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Joseph Blumert v. Wells Fargo and Co.

August 15, 2011

JOSEPH BLUMERT, PLAINTIFF-APPELLANT,
v.
WELLS FARGO AND CO., WELLS FARGO FINANCIAL, GINO CAMMAROTA AND LAURA PRINZO, DEFENDANTS-RESPONDENTS.



On appeal from Superior Court of New Jersey, Law Division, Morris County, Docket No. L-3495-09.

Per curiam.

NOT FOR PUBLICATION WITHOUT THE APPROVAL OF THE APPELLATE DIVISION

Submitted May 3, 2011

Before Judges Espinosa and Skillman.

Plaintiff Joseph Blumert appeals from an order that dismissed his complaint and compelled arbitration of his claims against his former employer, defendant Wells Fargo, and certain Wells Fargo employees, defendants Gino Cammarota and Laura Prinzo. For the reasons that follow, we affirm.

Plaintiff, a college graduate, was twenty-three years old when he became employed by Wells Fargo in late May 2003. Blumert was terminated from his employment in June 2009 and filed his complaint in October 2009. Each of the twelve counts in the complaint asserted claims directly related to his employment and termination: defamation (count one), defamation per se (count two), fraud (count three), negligent misrepresentation (count four), breach of implied covenant of good faith and fair dealing (count five), common law wrongful termination/breach of termination policies (count six), common law wrongful termination/conflict of interest (count seven), intentional infliction of emotional distress (count eight), violation of the New Jersey Law Against Discrimination, (LAD), N.J.S.A. 10:5-1 to -49, based upon a failure to provide a reasonable accommodation for a temporary disability (count nine), violation of the LAD (aiding and abetting) (count ten), unlawful denial of temporary disability benefits (count eleven), and vicarious liability of an employer for an employee's act (count twelve).

Defendants filed answers and motions to dismiss the complaint pursuant to R. 4:6-2(e) on the grounds that an arbitration clause contained in plaintiff's employment agreement (the Agreement) required the submission of plaintiff's claims to arbitration. Defendants' motions were supported by a certification by Cammarota, accompanied by a copy of the one-page Agreement, dated May 27, 2003. Paragraph 2 of the Agreement reads:

Your employment is at will. This means that either Employee or Employer may terminate your employment at any time for any reason or for no reason. The fact that Employer voluntarily agrees to arbitrate employment related claims shall not be construed to undermine the parties' at will relationship. It is contemplated that either party will provide one week's written notice prior to termination of employment. The payment by Employer of one week's annual salary shall be equivalent to and in lieu of the one week notice provision. No notice shall be required by either party during the first ninety (90) days of employment, nor shall notice be required if you are discharged for misconduct or if you work an average of 30 hours per week or less.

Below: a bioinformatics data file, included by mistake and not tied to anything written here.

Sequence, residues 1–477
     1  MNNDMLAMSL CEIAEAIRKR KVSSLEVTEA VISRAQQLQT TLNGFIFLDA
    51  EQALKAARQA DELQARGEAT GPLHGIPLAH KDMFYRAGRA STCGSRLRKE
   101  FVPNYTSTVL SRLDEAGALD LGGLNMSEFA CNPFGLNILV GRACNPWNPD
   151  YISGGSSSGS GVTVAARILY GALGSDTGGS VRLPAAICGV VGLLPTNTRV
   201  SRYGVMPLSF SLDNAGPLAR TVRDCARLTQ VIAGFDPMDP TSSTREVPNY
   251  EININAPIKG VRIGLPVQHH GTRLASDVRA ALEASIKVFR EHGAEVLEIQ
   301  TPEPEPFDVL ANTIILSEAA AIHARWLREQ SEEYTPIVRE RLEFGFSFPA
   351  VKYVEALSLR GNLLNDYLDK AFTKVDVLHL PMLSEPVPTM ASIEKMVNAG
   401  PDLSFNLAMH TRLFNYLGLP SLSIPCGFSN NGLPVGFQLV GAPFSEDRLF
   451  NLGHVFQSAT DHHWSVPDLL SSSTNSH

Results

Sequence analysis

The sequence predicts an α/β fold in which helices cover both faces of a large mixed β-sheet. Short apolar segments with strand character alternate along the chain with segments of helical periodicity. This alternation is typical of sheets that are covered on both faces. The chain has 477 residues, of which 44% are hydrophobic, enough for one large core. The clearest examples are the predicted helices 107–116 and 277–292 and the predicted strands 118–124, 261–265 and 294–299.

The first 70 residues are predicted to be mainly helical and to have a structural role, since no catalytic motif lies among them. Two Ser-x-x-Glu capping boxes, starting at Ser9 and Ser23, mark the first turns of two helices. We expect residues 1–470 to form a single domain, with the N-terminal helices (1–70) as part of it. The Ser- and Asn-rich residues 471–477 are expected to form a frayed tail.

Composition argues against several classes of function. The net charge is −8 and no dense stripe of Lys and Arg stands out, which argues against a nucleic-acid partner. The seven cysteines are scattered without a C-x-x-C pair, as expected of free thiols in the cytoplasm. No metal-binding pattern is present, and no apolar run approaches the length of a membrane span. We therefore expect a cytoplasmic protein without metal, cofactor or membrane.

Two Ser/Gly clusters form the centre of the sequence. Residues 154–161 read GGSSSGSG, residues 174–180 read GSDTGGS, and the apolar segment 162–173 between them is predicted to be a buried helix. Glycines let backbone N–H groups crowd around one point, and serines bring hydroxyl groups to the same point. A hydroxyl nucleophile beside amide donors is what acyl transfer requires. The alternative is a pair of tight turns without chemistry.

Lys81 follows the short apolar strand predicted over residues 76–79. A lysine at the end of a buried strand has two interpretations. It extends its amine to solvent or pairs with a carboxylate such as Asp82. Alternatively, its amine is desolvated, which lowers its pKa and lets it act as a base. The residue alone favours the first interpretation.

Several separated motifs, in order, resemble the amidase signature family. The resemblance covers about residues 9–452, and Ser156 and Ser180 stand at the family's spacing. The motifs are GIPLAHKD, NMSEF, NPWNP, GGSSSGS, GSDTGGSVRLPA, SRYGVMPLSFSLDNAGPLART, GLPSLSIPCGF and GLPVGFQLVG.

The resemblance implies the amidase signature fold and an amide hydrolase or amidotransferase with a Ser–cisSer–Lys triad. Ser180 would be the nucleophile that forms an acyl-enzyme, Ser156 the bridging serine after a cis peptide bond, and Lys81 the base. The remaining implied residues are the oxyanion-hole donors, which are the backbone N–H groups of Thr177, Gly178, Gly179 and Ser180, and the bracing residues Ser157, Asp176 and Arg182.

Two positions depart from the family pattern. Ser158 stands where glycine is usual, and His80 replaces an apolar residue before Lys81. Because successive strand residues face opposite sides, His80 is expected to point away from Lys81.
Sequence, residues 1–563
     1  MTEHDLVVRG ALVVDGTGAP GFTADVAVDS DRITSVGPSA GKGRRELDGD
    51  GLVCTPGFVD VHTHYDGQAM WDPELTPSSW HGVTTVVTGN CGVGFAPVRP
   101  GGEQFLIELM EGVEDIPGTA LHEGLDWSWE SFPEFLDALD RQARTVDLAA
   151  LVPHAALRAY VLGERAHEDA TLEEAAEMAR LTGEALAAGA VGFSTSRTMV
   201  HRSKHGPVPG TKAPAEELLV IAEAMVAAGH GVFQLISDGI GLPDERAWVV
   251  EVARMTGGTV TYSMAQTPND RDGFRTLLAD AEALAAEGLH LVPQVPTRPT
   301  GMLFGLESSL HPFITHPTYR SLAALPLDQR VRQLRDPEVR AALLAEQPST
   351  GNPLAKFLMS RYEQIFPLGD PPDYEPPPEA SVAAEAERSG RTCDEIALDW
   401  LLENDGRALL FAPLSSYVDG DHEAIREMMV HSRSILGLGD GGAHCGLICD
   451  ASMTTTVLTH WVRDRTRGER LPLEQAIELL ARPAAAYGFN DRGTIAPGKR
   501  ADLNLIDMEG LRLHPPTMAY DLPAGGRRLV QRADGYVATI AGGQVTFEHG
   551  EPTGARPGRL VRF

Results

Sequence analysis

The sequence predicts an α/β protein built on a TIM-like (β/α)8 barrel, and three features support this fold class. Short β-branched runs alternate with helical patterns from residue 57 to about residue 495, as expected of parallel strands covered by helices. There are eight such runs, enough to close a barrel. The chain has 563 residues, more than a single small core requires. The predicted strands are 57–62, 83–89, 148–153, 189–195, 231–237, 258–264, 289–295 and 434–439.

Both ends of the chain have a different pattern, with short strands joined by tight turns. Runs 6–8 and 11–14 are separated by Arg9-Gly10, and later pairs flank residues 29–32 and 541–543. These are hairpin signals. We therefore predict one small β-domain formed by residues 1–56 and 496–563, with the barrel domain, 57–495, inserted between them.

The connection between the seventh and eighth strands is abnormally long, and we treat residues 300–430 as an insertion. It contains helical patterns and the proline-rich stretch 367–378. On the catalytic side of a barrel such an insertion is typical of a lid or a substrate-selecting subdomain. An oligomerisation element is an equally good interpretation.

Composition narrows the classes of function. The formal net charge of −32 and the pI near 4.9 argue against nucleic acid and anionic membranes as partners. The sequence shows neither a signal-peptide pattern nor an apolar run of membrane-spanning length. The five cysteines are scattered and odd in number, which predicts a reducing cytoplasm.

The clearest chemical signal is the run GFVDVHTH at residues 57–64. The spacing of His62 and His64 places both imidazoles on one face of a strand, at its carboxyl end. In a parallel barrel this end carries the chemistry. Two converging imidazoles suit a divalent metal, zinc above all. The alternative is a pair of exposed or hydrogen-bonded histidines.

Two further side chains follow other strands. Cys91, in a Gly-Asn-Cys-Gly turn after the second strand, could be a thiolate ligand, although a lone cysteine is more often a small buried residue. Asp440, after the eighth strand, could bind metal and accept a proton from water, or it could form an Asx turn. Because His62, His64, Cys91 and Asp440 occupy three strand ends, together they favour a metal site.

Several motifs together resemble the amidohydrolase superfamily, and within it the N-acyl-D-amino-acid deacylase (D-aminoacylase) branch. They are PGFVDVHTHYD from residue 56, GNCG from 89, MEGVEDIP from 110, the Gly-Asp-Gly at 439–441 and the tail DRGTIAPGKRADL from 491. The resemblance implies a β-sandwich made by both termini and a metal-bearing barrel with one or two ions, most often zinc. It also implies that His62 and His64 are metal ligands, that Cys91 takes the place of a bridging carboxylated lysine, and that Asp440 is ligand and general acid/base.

The following clause was prominently featured, in all capital letters, above the signature line:

I AGREE TO SETTLE ANY AND ALL CLAIMS OR CONTROVERSIES ARISING OUT OF OR RELATED TO MY APPLICATION OR CANDIDACY FOR EMPLOYMENT, EMPLOYMENT, OR TERMINATION OF EMPLOYMENT WITH THE COMPANY EXCLUSIVELY BY FINAL AND BINDING ARBITRATION BEFORE A NEUTRAL ARBITRATOR.

Plaintiff's name, signature and social security number appear immediately below this clause.

In his certification, Cammarota, a District Manager for Wells Fargo Bank, states he personally presented the Agreement to plaintiff on his first day of employment. He certified further that he "reviewed each and every paragraph of the Agreement with Mr. Blumert, including the arbitration clause, and gave him the opportunity to ask any questions." Then, he "asked Mr. Blumert to read through the document on his own, and afforded him a second opportunity to seek clarification of any of the provisions contained therein, before he affixed his signature." He stated further, "Mr. Blumert advised [him] that he understood and accepted all the terms of the Agreement, and then signed and dated the document on May 27, 2003."

Plaintiff filed a certification in opposition. He stated that Cammarota gave him a stack of documents and told him "they must be signed and sent to the Human Resources Department within twenty-four (24) hours, case closed." He denied that Cammarota had provided a thorough explanation of any of the forms, stating:

The true nature of this process was "no signature, no employment." At no time was I told that an arbitration process of any kind was included. At no time was the status of my legal rights ever explained to me, including any concept that I would be waiving the litigation of all potential legal ...


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